Upon their arrival in the States in January of 1981, the American embassy workers—who’d been held hostage in Iran for 444 days—were driven to the Thayer Hotel at the United States Military Academy at West Point. As they made their journey—passing thousands of homes and trees swaddled in yellow ribbons and bunting—I put the finishing touches on a welcome home speech. Although they did not attend my school’s assembly, I delivered a speech in front of my junior high’s student body to commemorate their much-anticipated homecoming. We didn’t live far from West Point, and—like the rest of the country—we were entirely captivated by the exuberant, optimistic atmosphere.
I don’t recall much of my speech. I imagine it was fairly patriotic, and I’m certain it lacked subtlety. I do remember feeling that I didn’t quite hit the mark with my reflections. I didn’t understand the complexity of the politics—despite my proclivity for drawing what I thought were terribly clever political cartoons during Jimmy Carter’s presidency.
Over three decades later, I am still trying to understand Iran.
This past week it seemed like a daring diplomatic game of musical chairs might allow President Obama and Iran’s new president, Hassan Rouhani, to “accidentally meet” at a luncheon hosted by U.N. Secretary General Ban Ki-Moon. New York Times reporter Mark Landler later referred to the almost meeting as the “handshake that never happened.” After days of intense negotiations, the Iranian diplomatic team concluded that—despite Rouhani’s decidedly more moderate tone than predecessor Mahmoud Ahmadinejad—it was “too complicated” for Rouhani to have even a passing encounter with the U.S. leader. He must mollify hardliners at home. A senior U.S. official—who spoke to the NY Times on the condition of anonymity—explained: “[I]t demonstrates that they were the ones who had discomfort with it in terms of dealing with their own complexities back home.”
Indeed. Rouhani’s diplomatic tightrope rope act now seems to include fire walking. Stepping onto white hot coals, in an interview with CNN’s Christiane Amanpour, he ended 8 years of official Holocaust-denial, saying, “…I can tell you that any crime that happens in history against humanity, including the crime the Nazis created towards the Jews as well as non-Jews is reprehensible and condemnable.” Meir Javedanfar, of the Interdisciplinary Centre in Herzliya, Israel, told The Guardian that Rouhani had gone as far he could without infuriating hardliners back home.
Hours after Rouhani’s interview, an Iranian news agency accused CNN of fabricating parts of the interview and misquoting the Iranian president. CNN shot back noting that the Iranian government itself provided Rouhani’s translator. To placate angry conservatives within Iran who would discredit and undermine Rouhani, Iran’s official Islamic Republic News Agency reported Wednesday that the chief-of-state of Iran’s armed forces, Maj. Gen. Hassan Firouzabadi, announced that Rouhani had accurately portrayed Iran’s revolutionary stand in his U.N. speech early in the week. This statement did not bring throngs of Iranian hardliners to Tehran to jubilantly welcome Rouhani home. It is astonishing that a long overdue admission of historical fact could be hailed as an enormous step forward in Iranian/U.S. relations, but this is the reality of the political landscape in Persia.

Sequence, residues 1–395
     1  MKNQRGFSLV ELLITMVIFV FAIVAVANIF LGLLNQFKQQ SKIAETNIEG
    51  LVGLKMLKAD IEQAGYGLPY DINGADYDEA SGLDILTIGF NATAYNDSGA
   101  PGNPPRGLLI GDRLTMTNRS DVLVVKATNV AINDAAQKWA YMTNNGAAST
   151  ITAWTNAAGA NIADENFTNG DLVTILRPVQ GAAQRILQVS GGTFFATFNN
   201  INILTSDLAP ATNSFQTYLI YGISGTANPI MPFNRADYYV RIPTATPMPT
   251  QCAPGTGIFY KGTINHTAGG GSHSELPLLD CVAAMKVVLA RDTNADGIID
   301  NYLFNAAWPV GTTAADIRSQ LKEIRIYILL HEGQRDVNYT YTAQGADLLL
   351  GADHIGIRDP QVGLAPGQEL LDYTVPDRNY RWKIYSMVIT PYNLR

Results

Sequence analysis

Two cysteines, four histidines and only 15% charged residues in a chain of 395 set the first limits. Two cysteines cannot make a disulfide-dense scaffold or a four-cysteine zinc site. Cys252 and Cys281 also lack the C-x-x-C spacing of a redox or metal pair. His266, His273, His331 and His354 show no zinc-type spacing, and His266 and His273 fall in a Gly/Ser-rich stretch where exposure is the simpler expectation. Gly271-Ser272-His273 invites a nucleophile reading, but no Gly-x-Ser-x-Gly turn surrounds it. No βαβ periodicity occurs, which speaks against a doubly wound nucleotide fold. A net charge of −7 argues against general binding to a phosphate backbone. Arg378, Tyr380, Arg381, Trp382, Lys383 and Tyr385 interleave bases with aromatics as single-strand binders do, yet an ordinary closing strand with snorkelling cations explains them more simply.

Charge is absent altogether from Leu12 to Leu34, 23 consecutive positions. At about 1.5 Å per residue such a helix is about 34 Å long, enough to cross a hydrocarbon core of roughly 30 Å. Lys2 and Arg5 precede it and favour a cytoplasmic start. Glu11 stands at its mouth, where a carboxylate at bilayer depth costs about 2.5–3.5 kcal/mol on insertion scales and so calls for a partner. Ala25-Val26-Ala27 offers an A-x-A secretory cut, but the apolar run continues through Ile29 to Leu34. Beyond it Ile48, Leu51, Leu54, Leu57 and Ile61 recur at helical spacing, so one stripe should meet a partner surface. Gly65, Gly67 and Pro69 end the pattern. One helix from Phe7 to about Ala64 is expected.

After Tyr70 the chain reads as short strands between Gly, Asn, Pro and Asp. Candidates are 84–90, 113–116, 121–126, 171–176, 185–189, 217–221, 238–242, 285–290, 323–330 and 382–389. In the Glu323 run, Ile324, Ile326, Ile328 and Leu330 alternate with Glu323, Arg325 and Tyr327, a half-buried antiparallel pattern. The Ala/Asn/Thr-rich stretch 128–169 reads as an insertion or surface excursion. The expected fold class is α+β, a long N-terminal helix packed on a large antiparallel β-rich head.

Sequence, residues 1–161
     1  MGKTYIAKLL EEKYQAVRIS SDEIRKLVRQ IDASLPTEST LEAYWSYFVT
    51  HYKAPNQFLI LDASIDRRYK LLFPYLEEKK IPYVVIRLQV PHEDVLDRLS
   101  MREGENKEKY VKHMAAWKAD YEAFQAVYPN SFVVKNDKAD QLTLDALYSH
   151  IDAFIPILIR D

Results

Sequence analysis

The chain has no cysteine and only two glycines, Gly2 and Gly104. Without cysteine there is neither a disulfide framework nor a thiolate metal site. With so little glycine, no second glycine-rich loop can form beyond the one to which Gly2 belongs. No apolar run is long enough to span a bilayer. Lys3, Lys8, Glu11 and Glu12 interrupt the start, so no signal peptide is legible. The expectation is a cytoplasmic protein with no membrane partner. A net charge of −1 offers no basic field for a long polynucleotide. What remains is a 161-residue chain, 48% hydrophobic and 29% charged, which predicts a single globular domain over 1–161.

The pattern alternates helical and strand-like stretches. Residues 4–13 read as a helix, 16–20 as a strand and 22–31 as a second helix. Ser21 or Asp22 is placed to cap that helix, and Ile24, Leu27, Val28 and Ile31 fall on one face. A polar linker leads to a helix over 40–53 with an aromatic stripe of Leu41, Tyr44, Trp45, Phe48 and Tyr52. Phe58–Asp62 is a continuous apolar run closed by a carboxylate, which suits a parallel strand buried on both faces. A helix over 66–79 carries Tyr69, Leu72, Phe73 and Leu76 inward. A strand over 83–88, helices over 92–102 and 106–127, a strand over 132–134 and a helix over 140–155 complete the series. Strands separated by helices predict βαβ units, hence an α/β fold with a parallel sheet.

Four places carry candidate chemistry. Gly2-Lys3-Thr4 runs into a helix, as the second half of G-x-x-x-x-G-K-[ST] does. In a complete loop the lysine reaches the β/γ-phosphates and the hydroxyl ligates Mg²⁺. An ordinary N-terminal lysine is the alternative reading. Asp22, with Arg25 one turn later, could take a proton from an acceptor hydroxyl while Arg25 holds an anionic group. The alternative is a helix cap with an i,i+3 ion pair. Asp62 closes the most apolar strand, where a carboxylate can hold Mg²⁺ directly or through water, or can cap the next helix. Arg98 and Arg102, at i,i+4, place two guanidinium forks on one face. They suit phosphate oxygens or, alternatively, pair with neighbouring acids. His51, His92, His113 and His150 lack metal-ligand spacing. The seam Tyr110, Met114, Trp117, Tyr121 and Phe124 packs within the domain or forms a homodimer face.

All this is set against a backdrop of open suspicion of Rouhani by Israeli Prime Minister Benjamin Netanyahu who accuses Rouhani—with his measured tone and moderate overtures—of being a wolf in sheep’s clothing. Karim Sadjadpour, an expert at the Carnegie Endowment for International Peace, told reporters last week that Iranian ultra-conservatives probably view Rouhani as “a sheep in wolf’s clothing.” And Israeli politics are further complicated by open disagreement between Israeli president, Shimon Peres, and Prime Minister Netanyahu about how to handle Iran and its entanglements with Syria.
Although Rouhani has staked out a starkly different political posture towards the West than did his inflammatory predecessor, Mahmoud Ahmadinejad, he does so only at the bidding of the real power back home, Iran’s Supreme Leader Ayatollah Ali Khamenei. Rouhani’s restrained speech at the U.N. is an outgrowth of Khamenei’s stated path of “heroic flexibility.” Akbar Ganji, writing in Foreign Affairs magazine, explains that although Western reporters have recently cited “heroic flexibility” as a new course for Iran, Khamenei has actually used the term several times during his twenty years in power. Ganji explains, “He is signaling that rapprochement is possible—but not at the price of abandoning Iran’s resistance to Western hegemony.”
Yet, there has been a palpable shift within Iran. Iranian moderates recently welcomed the release of 80 political prisoners—many of whom were arrested following protests against Ahmadinejad’s re-election in 2009. Prominent Iranian human rights lawyer Nasrin Sotoudeh—among those freed—told Reuters that she believes Rouhani will eventually free hundreds of political prisoners as he makes good on a promise to ease repressive security measures.
When I communicate with an Iranian American friend who still has family in Iran, there is a certain measured giddiness—like holding your breath while smiling. She doesn’t want to get hopes too high—as they’ve all been burned before—but the hope bubbles up anyway. And President Obama’s ninth inning phone call to Rouhani –during the Iranian president’s trip to the airport—will certainly shore up optimism among liberal Iranians.
The hope I felt for average Iranians upon hearing of Obama’s phone call was not unlike the anticipation I felt on that January day 30 years ago. Subtleties, details and nuance are critical in understanding diplomacy, but the power of expectation gives us the pluck to seek a new way forward.